Born and raised in Monroe, North Carolina, Lee grew up dreaming of writing literary novels and leaving an impression on the world. “I feel that to work just for money’s sake would be a desecration,” the idealistic youth once wrote to his mother. “I want to do something really worthwhile. I would die happy if it should be just one recognized and lasting thing.” Lee’s search for greatness took him into journalism, but after several years as a reporter he made the leap into advertising by joining Coca-Cola’s ad agency D’Arcy, where he took charge of the Coke account in 1923. Today Lee’s approach seems obvious, but in the 1920s it was groundbreaking. Most advertisers were still stuck in a rut of verbose text-heavy promotions that often resorted to dry, functional detail or to scare tactics to win business. Lee had little time for such approaches. “The offering of a product is blunt selling,” he wrote in a 1945 letter summarizing his beliefs about advertising. “Presenting the idea from the consumer angle is using imagination.”
He presented Coca-Cola not as a mere beverage that would quench your thirst but as something symbolic of innocent everyday pleasure. He commissioned artists such as Norman Rockwell and McClelland Barclay to paint scenes of happy times, sociability, and rural tranquility that he then complemented with a message condensed into a bite-size slogan, short enough for motorists to absorb from a roadside billboard in a single glance. Messages like “Thirst knows no season” and “6,000,000 drinks a day.” Simple, eye-catching, and backed with a budget capable of putting these ads in front of millions of eyeballs, Lee’s creations set the tone for the future of advertising. Lee’s most memorable slogan, “The pause that refreshes,” came in 1929. It and the myriad variations on that theme he created captured the public imagination so effectively that the company was still using the slogan twenty years later. Its impact was still being remembered seventy years on, when the industry journal Advertising Age named it one of the ten best campaign slogans of the twentieth century.
Lee’s gentle nostalgia and positive sell captured something about the American spirit, and as the 1920s went on, people began more and more to think of Coca-Cola as representative of America. People began talking about things being “as American as Coca-Cola,” and in the southern states Coca-Cola cake, a moist chocolate cake made with the soda, became a common sight at picnics and church events. The suspicion that surrounded the drink before the First World War was gone. Now Coca-Cola was part and parcel of American life. Nothing illustrated this change in public attitudes as much as the reaction to the news that the Women Christian Temperance Union of Arkansas City would devote 1929 to stamping out the “hydraheaded menace of Coca-Cola.” Instead of finding the public rallying to their crusade, the temperance activists watched their short-lived campaign get lampooned in the newspapers and dismissed as a joke.
Many of Lee’s campaigns drew on the insights that came from Coca-Cola’s statistical department, another of Woodruff’s innovations. Formed in 1923, the department brought a scientific edge to the company’s operations. It gathered vast amounts of data about traffic patterns in towns and cities throughout the United States, so that the company could pinpoint exactly which billboards would have the most impact. It identified the most valuable retailers in the country so Coca-Cola’s sales force could visit them twice as often as less lucrative stores. It analyzed the shopping habits of forty-two thousand drugstore customers and then used the results to teach soda fountain operators how to sell more Coca-Cola and how to encourage Coke drinkers to buy additional items. The statisticians also enabled the company to start accurately predicting future sales and profits—no mean feat for a company of Coca-Cola’s size in a computerless age. And in late 1928 Coca-Cola’s statistical department sent a warning to Woodruff that an economic crash was coming.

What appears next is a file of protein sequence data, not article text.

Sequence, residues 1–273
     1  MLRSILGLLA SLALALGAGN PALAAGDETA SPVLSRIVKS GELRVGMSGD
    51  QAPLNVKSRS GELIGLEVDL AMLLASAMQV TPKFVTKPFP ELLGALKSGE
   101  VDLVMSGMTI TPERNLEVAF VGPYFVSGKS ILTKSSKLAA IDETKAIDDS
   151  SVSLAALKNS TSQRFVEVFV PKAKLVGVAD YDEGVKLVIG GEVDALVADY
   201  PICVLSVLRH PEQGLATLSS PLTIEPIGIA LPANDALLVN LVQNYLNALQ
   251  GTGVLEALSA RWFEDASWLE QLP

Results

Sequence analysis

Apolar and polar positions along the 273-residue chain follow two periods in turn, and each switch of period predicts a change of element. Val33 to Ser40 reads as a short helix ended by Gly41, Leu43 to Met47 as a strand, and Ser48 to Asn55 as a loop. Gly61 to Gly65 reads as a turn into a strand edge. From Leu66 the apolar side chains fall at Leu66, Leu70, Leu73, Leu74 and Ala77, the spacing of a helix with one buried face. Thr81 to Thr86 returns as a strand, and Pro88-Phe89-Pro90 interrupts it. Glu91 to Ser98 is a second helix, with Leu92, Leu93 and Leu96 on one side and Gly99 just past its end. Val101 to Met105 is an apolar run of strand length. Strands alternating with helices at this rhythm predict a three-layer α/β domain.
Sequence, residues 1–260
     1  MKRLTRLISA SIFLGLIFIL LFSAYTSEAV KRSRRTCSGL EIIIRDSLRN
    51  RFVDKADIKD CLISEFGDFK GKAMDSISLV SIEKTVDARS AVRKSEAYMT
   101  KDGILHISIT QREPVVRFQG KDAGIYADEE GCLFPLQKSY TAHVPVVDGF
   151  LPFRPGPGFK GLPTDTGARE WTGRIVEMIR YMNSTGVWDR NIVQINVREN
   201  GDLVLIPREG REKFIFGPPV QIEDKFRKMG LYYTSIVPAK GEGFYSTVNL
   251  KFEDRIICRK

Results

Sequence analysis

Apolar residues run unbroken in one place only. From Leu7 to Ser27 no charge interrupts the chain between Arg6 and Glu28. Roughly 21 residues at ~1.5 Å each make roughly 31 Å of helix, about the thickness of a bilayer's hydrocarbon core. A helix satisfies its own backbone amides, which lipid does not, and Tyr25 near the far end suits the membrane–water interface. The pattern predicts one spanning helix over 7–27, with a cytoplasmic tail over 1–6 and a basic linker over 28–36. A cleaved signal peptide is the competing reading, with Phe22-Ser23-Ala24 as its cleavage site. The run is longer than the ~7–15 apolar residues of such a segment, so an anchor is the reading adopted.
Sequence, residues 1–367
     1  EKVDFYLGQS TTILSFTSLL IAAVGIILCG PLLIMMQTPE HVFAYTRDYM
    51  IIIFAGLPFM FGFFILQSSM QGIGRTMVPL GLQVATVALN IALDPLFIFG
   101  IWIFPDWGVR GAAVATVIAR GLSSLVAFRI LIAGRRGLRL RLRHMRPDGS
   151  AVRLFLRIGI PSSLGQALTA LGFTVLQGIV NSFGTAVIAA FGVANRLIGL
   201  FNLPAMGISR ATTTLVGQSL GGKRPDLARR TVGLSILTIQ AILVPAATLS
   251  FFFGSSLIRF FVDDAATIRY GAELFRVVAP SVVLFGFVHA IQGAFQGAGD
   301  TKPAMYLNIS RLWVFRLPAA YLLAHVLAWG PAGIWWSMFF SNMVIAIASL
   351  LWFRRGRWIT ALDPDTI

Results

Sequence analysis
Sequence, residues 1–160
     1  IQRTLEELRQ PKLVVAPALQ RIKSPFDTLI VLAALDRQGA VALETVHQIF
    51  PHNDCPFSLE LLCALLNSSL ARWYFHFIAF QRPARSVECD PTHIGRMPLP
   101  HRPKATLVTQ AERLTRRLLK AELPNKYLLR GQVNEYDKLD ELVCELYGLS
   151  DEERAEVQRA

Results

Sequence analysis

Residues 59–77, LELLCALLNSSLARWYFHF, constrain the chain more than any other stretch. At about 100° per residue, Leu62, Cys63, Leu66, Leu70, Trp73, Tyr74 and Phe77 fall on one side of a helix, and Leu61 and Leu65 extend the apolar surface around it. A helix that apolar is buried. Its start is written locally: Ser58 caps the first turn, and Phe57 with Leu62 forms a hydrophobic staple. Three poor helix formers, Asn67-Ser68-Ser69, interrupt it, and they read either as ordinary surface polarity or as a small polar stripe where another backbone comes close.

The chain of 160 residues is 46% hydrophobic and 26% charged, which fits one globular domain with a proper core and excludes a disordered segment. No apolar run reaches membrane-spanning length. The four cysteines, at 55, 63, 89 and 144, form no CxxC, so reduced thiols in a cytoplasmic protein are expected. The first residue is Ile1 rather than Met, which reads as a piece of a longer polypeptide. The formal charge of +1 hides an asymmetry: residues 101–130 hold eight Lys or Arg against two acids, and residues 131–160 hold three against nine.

The soda pop giant’s numbers men were right. The Roaring Twenties had been a decade of speculation, excess, and a widespread belief that share prices would keep going up and up and up. But this party came to a screeching halt in October 1929 when the stock market crashed. In the space of a week millions were wiped off the value of stocks, erasing personal and business fortunes. To recover from the losses U.S. banks began refusing to lend money to Germany to help it rebuild, prompting the German economy to collapse, which frightened American shareholders even more. Soon there were runs on the struggling banks, and businesses across America started going bust, leaving millions out of work. The Great Depression had begun.
As the economic crisis deepened, people stopped buying soda as they tried to make ends meet. Soon the soda fountains and retailers that the fizzy drink industry relied on were going under in the thousands. “There has been a tremendous loss in outlets,” Coke’s vice president of sales Harrison Jones told Woodruff in a 1932 memo. “We have found that practically all bottlers are experiencing an inability on the part of many of their small outlets to buy more than one case and pay cash. In many cases, when the truck calls in the morning, the dealers are required to ask them to come back later in the day, until such time as they can get enough money to pay the cash for a case of Coca-Cola.”